Inside Higher Ed reports that the number of students who rent textbooks is increasing. Interestingly, e-books have not caught on — most students are still using printed textbooks (though iPads might change that).
When I teach intro, I have always suggested to my students that if they are going to major in psychology, it is a good idea to purchase and keep their intro textbook. My argument has been that it will be a good reference for their upper-division classes, which might assume that they already know certain concepts. For example, when I teach an upper-division class in motivation and emotion, I assume that my students understand classical and operant conditioning (and I tell them in the syllabus that they should go back to their intro textbook and review the relevant sections).
A downside of this advice is that textbooks are very expensive. Renting a book, or selling one on the used market after the term ends, is a way for students to reduce costs.
Anyway, what this got me wondering is whether it’s still helpful or necessary for students to keep their intro textbooks. Is there enough good info on the internet now that they could just google whatever topics they need to review? A few years ago I looked around on the web for a well-written, introductory-level account of classical conditioning and wasn’t impressed with what I found. I still don’t think I’d assign the current entry for classical conditioning as a review. But with the APS Wikipedia project, for example, maybe things will get better soon.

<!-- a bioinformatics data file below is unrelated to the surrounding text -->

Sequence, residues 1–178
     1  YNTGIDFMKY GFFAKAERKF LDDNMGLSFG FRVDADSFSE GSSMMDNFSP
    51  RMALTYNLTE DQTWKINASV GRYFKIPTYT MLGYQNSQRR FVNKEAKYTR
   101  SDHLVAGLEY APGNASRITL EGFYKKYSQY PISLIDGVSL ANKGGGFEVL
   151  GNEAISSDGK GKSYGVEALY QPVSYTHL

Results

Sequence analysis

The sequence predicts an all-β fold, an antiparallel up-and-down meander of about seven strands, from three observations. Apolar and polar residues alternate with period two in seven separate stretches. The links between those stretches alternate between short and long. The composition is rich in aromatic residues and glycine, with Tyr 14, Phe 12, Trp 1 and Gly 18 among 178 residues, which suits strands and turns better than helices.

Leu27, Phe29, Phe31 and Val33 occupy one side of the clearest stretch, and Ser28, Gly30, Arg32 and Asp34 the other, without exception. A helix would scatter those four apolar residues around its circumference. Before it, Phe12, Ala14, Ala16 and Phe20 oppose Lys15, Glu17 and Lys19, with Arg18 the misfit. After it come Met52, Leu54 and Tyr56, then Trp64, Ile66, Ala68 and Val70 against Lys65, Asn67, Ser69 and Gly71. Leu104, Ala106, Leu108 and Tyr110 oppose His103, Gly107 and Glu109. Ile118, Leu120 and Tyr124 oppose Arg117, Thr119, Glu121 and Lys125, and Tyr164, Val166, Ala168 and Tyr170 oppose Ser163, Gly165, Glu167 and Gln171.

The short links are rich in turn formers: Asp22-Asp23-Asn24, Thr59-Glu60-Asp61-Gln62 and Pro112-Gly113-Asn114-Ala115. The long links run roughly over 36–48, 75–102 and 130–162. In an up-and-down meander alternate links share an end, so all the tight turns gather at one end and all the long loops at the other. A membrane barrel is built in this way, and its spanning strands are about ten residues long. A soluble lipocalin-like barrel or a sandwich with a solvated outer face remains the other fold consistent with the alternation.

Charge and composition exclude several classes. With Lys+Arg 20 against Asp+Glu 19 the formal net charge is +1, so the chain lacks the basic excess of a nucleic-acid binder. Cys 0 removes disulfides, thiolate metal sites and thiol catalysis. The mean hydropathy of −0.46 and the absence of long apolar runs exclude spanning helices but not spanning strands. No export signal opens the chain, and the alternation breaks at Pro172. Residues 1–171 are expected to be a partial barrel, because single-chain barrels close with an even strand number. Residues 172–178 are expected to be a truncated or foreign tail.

I remember finding my intro textbook especially helpful when I studied for the psychology GRE, but not many undergrads will go on to do that. Next time I teach an upper-division class I’ll probably ask my students how much use they’ve gotten out of their intro text afterward.